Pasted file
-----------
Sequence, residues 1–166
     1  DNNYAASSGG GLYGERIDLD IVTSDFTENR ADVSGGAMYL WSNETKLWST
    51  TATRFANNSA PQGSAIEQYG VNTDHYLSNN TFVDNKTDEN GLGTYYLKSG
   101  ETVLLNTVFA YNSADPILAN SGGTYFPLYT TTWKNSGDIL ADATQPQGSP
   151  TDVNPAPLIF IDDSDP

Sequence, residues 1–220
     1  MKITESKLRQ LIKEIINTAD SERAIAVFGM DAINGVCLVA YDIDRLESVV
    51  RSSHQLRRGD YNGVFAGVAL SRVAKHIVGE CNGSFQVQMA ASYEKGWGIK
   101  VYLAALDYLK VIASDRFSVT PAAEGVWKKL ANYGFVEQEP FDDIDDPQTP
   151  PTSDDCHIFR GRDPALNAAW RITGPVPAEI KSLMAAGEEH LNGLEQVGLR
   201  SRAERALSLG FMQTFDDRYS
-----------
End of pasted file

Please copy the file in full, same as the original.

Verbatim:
Sequence, residues 1–166
     1  DNNYAASSGG GLYGERIDLD IVTSDFTENR ADVSGGAMYL WSNETKLWST
    51  TATRFANNSA PQGSAIEQYG VNTDHYLSNN TFVDNKTDEN GLGTYYLKSG
   101  ETVLLNTVFA YNSADPILAN SGGTYFPLYT TTWKNSGDIL ADATQPQGSP
   151  TDVNPAPLIF IDDSDP

Sequence, residues 1–220
     1  MKITESKLRQ LIKEIINTAD SERAIAVFGM DAINGVCLVA YDIDRLESVV
    51  RSSHQLRRGD YNGVFAGVAL SRVAKHIVGE CNGSFQVQMA ASYEKGWGIK
   101  VYLAALDYLK VIASDRFSVT PAAEGVWKKL ANYGFVEQEP FDDIDDPQTP
   151  PTSDDCHIFR GRDPALNAAW RITGPVPAEI KSLMAAGEEH LNGLEQVGLR
   201  SRAERALSLG FMQTFDDRYS